Shabbat 153a-b: Working With Animals on Shabbat - I
06/08/2020 - 16th of Av, 5780
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The twenty-fourth (and final) perek of Massekhet Shabbat begins on today’s daf. The halakhot discussed in this chapter relate primarily to what may and may not be done for animals on Shabbat. Some of these issues have already been addressed in earlier chapters, and Chapter Five was devoted to clarifying the laws of transporting items that are on an animal from one domain to another on Shabbat. This chapter addresses a more limited and specific issue, namely, the details of the prohibition of driving a laden animal on Shabbat. For example, what is the source of the prohibition? The Gemara considers whether the Torah expressly forbids driving a laden animal, whether the prohibition stems from a rabbinic decree not to make use of animals, or whether it is derived from the positive command to allow animals to rest. Similarly, the chapter examines the severity and scope of this prohibition.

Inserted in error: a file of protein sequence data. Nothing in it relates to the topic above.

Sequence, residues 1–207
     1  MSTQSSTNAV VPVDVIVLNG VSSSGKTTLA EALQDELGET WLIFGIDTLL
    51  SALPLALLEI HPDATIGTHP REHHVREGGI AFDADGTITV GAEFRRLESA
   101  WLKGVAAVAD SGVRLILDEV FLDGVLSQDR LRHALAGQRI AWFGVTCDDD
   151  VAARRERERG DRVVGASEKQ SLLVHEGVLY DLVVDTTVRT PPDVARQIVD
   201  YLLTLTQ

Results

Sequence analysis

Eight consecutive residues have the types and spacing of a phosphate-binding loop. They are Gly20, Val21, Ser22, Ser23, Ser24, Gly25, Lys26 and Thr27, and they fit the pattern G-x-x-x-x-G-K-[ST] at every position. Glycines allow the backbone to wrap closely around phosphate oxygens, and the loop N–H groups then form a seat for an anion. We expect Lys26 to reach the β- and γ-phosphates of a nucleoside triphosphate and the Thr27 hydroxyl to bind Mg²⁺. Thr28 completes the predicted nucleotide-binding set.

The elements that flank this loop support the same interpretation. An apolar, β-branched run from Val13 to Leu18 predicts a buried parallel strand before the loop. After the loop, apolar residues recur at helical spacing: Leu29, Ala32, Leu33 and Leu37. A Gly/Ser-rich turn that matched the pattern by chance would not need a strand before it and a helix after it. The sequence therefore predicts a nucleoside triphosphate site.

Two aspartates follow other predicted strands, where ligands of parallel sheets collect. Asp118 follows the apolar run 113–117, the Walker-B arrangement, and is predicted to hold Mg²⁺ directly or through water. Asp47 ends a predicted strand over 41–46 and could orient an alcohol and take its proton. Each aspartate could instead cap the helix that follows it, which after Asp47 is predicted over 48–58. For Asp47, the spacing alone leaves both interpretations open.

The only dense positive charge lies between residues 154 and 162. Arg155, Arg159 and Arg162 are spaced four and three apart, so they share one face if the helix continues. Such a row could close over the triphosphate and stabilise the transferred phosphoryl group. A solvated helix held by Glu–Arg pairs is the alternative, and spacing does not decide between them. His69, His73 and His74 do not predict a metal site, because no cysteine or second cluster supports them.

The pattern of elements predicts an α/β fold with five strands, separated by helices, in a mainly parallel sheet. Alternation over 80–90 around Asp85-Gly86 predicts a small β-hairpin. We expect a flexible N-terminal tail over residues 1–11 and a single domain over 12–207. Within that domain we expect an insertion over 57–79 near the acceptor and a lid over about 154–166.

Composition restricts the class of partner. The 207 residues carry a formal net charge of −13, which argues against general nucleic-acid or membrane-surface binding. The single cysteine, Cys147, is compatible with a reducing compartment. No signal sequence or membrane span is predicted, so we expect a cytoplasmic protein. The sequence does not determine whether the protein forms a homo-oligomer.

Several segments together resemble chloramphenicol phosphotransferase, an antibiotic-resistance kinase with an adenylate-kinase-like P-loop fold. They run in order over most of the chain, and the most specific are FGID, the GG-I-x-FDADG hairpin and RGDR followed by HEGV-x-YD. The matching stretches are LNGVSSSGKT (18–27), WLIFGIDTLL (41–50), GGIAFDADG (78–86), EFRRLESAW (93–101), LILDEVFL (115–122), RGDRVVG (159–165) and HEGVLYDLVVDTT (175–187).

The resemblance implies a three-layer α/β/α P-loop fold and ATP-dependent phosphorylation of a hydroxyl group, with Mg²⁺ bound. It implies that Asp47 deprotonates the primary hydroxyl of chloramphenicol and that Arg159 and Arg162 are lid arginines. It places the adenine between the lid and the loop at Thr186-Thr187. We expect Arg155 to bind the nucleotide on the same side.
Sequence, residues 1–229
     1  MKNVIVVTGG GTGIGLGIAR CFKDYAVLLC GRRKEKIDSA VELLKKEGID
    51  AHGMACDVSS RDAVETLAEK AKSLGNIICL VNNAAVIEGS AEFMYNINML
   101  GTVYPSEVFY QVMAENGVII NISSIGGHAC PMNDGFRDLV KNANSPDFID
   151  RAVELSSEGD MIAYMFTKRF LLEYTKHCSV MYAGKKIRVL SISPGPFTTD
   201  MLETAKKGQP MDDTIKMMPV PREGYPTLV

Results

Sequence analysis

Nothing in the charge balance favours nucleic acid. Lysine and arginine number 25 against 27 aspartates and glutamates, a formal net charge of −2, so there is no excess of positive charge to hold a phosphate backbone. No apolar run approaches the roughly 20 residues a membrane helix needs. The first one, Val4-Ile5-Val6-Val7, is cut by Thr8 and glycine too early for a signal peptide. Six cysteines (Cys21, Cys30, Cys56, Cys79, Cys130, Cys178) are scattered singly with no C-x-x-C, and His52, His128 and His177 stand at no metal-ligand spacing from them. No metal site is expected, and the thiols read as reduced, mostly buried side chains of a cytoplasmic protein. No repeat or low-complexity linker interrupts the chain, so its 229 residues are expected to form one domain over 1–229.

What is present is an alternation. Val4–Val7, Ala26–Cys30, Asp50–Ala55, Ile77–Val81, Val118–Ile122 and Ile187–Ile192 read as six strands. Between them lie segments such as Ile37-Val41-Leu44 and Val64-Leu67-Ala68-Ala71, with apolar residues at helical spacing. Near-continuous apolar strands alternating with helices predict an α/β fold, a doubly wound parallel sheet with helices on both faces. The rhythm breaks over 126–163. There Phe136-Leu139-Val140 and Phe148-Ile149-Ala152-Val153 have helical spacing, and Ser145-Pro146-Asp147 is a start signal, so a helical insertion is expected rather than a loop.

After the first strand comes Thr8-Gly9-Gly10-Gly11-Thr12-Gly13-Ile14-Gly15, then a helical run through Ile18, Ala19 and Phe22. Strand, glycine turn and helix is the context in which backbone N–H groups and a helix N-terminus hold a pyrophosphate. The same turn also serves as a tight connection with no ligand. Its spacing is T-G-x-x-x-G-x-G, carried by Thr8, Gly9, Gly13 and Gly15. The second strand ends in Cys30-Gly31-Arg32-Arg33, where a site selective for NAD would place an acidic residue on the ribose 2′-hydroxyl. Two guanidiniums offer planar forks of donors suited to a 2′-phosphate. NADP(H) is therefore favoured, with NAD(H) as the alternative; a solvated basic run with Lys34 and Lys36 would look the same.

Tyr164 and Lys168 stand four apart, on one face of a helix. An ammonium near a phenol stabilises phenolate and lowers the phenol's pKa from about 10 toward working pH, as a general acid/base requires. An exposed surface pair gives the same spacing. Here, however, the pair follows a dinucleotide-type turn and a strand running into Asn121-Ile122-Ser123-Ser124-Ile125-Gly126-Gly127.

With regard to the topic of driving a donkey on Shabbat, the Gemara cites that which Rami bar Hama said: With regard to one who drives his laden animal on Shabbat, if he does so unwittingly, he is liable to bring a sin-offering, and if he does so intentionally, he is liable to be executed by stoning. The Gemara asks: What is the reason for this ruling? Rava said that the verse states: “You shall not perform any manner of labor, neither you…nor your animal” (Shemot 20:9). From this he derived: His animal is similar to himself; just as he, if he performed a prohibited labor on Shabbat unwittingly, he is liable to bring a sin-offering, and if he did so intentionally, he is liable to be executed by stoning, so too, if he performed a prohibited labor by means of his animal, if he did so unwittingly, he is liable to bring a sin-offering, and if he did so intentionally, he is liable to be executed by stoning.